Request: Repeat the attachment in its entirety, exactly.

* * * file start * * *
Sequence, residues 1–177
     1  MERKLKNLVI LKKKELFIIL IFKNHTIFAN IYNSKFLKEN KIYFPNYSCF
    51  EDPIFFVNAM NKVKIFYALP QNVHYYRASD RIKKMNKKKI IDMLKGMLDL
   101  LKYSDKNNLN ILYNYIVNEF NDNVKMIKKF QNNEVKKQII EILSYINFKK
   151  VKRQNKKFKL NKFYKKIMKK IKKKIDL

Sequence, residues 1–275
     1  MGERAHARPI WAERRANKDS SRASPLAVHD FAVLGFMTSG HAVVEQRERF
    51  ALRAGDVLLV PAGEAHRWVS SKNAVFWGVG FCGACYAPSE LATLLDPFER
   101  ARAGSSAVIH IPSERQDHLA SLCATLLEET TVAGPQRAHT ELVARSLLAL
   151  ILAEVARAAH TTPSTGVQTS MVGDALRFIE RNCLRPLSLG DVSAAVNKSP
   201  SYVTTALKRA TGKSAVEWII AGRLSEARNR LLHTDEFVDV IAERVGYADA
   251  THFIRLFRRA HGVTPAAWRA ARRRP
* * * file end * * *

Sequence, residues 1–177
     1  MERKLKNLVI LKKKELFIIL IFKNHTIFAN IYNSKFLKEN KIYFPNYSCF
    51  EDPIFFVNAM NKVKIFYALP QNVHYYRASD RIKKMNKKKI IDMLKGMLDL
   101  LKYSDKNNLN ILYNYIVNEF NDNVKMIKKF QNNEVKKQII EILSYINFKK
   151  VKRQNKKFKL NKFYKKIMKK IKKKIDL

Sequence, residues 1–275
     1  MGERAHARPI WAERRANKDS SRASPLAVHD FAVLGFMTSG HAVVEQRERF
    51  ALRAGDVLLV PAGEAHRWVS SKNAVFWGVG FCGACYAPSE LATLLDPFER
   101  ARAGSSAVIH IPSERQDHLA SLCATLLEET TVAGPQRAHT ELVARSLLAL
   151  ILAEVARAAH TTPSTGVQTS MVGDALRFIE RNCLRPLSLG DVSAAVNKSP
   201  SYVTTALKRA TGKSAVEWII AGRLSEARNR LLHTDEFVDV IAERVGYADA
   251  THFIRLFRRA HGVTPAAWRA ARRRP